[Had I not run out of room in the headline, I would have included a notation – because some folks read no further than the headline – that savvy front offices will meet with everyone who makes even remotely plausible sense at some point during an offseason. So, then, I’d caution you against taking a headline like that and assuming those four pitchers are particular targets for the Cubs, or that there’s any kind of advanced momentum here. This is the process.]
The Cubs’ top brass will meet with agents for various top pitchers today at the GM Meetings, according to reports at ESPN, CSN, and Cubs.com. It is expected that Theo Epstein and Jed Hoyer will likely meet at some point with the representatives for, among other unnamed players, David Price, Jeff Samardzija, Jordan Zimmermann, and Zack Greinke. The first two are reported as explicitly on the schedule at this point for the front office (Price in the CSN report, Samardzija in the Cubs.com report), and the latter two seem to be implied.
Each of the four starters mentioned makes varying degrees of sense for the Cubs, and each has a plausible connection/rumor/set of rumors linking them to the Cubs (Price, Samardzija, Zimmermann, Greinke). That the front office would want to meet with their representatives, then, here at the outset of the offseason makes a great deal of sense.
It’s going to be very interesting to see which free agent domino is the first to fall – not just with the Cubs, but with the whole group. Given that there are so many great pitching options available, and given that they’ll all be playing off each others’ contract demands and interested teams, you just wonder which is going to be willing to pull the trigger first. I wouldn’t expect any to do much until after Friday’s deadline to accept or decline qualifying offers, thanks to the potential ripple effect if a player does decide to accept.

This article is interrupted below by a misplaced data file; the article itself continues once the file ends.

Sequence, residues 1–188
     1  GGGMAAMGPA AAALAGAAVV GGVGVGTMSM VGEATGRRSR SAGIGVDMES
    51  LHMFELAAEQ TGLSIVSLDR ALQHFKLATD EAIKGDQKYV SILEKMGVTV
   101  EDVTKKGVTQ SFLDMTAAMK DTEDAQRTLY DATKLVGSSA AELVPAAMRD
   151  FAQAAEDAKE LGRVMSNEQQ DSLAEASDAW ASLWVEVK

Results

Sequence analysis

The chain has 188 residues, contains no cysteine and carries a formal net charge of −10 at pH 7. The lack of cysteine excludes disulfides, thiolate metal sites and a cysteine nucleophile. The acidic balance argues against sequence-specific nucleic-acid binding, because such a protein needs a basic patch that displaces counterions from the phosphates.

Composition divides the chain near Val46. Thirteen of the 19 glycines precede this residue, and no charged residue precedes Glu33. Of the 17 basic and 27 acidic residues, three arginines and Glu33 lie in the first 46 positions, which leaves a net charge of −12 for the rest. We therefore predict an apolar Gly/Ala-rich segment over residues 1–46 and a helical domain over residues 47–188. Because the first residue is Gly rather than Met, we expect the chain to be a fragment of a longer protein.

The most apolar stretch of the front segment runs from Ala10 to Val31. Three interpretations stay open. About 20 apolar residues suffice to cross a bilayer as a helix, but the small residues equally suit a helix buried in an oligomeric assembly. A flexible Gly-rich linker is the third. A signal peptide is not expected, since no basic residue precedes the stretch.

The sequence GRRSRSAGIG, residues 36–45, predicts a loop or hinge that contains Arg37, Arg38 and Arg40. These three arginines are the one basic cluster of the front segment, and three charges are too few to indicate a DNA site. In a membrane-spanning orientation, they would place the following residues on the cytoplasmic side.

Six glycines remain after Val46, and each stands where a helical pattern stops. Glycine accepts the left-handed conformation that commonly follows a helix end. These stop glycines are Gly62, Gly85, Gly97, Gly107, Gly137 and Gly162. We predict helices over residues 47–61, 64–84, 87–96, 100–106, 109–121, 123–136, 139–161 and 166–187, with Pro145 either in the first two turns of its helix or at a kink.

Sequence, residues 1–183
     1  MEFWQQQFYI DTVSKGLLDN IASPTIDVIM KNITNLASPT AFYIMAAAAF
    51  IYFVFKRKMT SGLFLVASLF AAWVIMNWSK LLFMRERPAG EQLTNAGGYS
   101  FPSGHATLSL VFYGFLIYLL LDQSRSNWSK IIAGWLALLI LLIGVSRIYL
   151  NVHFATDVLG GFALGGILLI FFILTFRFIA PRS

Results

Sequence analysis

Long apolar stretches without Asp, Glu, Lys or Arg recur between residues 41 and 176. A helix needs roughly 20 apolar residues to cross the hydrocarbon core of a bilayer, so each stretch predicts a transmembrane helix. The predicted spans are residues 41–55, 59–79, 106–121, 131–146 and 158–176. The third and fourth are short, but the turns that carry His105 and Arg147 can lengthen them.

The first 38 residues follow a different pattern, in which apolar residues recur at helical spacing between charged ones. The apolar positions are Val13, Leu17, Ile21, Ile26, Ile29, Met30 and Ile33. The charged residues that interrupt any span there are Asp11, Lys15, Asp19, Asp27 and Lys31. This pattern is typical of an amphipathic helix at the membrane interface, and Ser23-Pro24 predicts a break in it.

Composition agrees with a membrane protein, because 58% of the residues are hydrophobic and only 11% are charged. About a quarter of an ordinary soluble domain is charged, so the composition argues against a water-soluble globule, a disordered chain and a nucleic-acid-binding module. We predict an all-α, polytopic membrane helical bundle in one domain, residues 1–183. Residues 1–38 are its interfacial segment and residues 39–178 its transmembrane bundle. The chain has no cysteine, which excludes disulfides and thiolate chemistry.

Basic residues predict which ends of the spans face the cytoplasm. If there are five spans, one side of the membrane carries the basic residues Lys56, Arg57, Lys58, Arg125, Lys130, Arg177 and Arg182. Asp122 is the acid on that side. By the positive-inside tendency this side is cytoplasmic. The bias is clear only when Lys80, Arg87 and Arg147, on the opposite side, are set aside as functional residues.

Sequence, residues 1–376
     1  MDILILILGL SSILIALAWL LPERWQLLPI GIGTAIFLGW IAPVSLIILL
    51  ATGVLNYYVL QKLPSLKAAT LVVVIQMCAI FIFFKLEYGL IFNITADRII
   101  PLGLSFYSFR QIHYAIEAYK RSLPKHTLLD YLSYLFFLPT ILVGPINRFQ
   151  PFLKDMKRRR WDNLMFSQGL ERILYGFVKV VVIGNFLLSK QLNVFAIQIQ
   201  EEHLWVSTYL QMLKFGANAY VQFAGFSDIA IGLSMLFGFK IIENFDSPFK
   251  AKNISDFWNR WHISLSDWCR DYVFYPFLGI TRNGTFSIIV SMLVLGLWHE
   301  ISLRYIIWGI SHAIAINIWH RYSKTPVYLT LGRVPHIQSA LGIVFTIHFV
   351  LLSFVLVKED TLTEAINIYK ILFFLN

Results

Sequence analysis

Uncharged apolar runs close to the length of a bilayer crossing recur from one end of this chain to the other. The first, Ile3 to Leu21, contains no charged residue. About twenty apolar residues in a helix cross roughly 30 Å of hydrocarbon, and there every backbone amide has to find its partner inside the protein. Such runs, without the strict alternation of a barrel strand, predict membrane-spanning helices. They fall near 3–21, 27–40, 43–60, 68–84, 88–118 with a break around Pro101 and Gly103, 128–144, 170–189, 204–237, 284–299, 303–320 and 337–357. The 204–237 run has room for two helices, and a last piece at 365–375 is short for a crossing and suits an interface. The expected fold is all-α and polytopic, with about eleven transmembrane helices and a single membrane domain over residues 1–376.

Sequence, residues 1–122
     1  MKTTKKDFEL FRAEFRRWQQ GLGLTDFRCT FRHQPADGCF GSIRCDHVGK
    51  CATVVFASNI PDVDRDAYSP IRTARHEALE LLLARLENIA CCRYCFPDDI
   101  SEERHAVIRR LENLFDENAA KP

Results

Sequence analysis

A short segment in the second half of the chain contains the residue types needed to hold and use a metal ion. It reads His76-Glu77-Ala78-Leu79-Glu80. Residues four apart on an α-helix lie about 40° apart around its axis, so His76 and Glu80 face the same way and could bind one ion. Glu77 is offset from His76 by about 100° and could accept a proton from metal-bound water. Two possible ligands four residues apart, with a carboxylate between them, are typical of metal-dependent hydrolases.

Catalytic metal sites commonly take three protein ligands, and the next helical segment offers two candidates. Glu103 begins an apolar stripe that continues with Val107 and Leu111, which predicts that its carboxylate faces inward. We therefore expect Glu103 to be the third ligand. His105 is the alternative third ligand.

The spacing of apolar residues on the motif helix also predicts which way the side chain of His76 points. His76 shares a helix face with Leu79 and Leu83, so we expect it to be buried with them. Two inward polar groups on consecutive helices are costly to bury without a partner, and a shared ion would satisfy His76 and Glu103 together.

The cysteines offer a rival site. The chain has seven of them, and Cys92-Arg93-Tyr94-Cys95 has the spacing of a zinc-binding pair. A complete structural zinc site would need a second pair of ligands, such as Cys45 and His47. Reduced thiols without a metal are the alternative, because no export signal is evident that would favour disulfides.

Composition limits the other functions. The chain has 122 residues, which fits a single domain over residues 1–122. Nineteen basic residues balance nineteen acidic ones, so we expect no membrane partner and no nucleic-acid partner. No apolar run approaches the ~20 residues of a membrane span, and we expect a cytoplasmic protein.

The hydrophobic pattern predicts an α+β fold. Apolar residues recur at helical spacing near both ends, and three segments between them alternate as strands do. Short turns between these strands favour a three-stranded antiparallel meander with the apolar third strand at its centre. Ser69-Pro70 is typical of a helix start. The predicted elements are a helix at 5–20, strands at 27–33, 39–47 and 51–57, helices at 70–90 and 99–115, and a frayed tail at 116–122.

And you also wonder how a team like the Cubs, which might be interested in a number of options depending on the cost, will approach prioritizing their targets (because it’s not quite as simple as saying you definitely want to target Player A when you might prefer him at Cost X, but he actually wants Cost Y, and Player B starts to look more attractive at what he wants, which is Cost Z). Then you throw in the possibility of trades, some of which we discussed last evening, and it gets even more complicated. I suppose the only way to do it is to have a variation of a flow chart, on which you’ve ranked all of your possible targets – in free agency and trade – and some of the names are on there multiple times, depending on the possible cost.
In any case, the first step is feeling out general interest, and trying to gauge contract demands. And it sounds like that’s happening as soon as today with some of the top names.